Myasthenia gravis (MG) is a B cell–mediated autoimmune disorder of neuromuscular transmission. Pathogenic autoantibodies to muscle-specific tyrosine kinase (MuSK) can be found in patients with MG who do not have detectable antibodies to the acetylcholine receptor (AChR). MuSK MG includes immunological and clinical features that are generally distinct from AChR MG, particularly regarding responsiveness to therapy. B cell depletion has been shown to affect a decline in serum autoantibodies and to induce sustained clinical improvement in the majority of MuSK MG patients. However, the duration of this benefit may be limited, as we observed disease relapse in MuSK MG patients who had achieved rituximab-induced remission. We investigated the mechanisms of such relapses by exploring autoantibody production in the reemerging B cell compartment. Autoantibody-expressing CD27+ B cells were observed within the reconstituted repertoire during relapse but not during remission or in controls. Using two complementary approaches, which included production of 108 unique human monoclonal recombinant immunoglobulins, we demonstrated that antibody-secreting CD27hiCD38hi B cells (plasmablasts) contribute to the production of MuSK autoantibodies during relapse. The autoantibodies displayed hallmarks of antigen-driven affinity maturation. These collective findings introduce potential mechanisms for understanding both MuSK autoantibody production and disease relapse following B cell depletion.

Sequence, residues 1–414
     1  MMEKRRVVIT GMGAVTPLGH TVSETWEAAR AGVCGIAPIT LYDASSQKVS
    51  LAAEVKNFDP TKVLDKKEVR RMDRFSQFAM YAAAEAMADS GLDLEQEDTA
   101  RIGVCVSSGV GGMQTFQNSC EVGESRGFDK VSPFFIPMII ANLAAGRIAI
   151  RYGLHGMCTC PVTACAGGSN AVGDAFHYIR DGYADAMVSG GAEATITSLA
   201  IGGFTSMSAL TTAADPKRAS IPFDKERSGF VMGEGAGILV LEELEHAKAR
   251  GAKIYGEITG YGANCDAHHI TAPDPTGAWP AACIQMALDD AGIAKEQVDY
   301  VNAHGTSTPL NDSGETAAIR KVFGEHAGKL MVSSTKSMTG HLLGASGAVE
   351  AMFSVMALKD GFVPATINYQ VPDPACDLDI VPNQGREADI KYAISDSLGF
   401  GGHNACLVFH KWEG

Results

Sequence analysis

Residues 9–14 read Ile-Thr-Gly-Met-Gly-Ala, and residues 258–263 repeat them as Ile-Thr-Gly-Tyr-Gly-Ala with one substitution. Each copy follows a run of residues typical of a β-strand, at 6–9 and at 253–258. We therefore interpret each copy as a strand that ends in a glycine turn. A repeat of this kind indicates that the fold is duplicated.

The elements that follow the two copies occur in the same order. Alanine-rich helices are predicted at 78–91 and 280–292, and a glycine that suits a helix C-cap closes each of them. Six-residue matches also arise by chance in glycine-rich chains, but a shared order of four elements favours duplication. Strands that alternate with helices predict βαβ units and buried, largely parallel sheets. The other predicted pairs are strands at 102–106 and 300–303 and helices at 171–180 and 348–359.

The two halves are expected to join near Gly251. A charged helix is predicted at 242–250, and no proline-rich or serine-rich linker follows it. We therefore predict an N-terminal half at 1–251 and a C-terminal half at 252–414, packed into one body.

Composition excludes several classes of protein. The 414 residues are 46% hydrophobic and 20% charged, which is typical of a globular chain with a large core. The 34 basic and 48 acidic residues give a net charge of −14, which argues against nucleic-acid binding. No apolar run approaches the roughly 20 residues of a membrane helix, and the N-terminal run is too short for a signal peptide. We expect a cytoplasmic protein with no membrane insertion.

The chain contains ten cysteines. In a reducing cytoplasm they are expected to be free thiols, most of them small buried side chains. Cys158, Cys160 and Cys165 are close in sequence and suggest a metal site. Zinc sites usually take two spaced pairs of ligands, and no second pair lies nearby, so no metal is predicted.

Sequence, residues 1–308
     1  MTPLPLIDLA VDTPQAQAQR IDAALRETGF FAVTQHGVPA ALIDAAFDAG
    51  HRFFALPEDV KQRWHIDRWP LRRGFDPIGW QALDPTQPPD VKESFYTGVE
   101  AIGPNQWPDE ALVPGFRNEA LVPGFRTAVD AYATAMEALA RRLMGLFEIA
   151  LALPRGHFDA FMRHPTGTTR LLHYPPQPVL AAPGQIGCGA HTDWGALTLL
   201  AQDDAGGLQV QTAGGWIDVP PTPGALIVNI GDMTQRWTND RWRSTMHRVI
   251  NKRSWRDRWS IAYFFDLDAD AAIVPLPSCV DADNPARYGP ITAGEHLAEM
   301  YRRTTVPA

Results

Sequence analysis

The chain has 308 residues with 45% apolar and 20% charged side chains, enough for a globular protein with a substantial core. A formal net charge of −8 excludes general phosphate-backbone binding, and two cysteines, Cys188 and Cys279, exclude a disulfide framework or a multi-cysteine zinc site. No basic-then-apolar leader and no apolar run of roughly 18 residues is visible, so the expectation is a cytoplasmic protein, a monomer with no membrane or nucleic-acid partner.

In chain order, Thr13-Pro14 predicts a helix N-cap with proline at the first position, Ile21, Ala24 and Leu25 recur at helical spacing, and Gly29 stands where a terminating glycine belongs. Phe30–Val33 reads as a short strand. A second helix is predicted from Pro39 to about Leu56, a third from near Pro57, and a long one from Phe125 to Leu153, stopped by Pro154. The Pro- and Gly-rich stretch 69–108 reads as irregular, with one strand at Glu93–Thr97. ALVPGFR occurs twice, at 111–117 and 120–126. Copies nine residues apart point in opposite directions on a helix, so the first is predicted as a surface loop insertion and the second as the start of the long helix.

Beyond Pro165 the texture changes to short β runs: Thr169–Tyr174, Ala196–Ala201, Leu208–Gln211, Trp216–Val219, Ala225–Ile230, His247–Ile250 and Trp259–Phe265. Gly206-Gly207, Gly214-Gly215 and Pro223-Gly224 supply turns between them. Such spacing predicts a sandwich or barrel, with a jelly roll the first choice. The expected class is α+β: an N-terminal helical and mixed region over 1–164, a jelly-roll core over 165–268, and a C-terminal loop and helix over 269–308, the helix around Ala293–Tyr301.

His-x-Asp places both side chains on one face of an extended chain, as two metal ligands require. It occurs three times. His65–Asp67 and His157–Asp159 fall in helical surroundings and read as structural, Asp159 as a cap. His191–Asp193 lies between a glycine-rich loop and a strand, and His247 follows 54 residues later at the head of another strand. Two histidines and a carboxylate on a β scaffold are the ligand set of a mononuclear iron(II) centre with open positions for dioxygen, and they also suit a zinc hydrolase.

Panos Stathopoulos, Aditya Kumar, Richard J. Nowak, Kevin C. O’Connor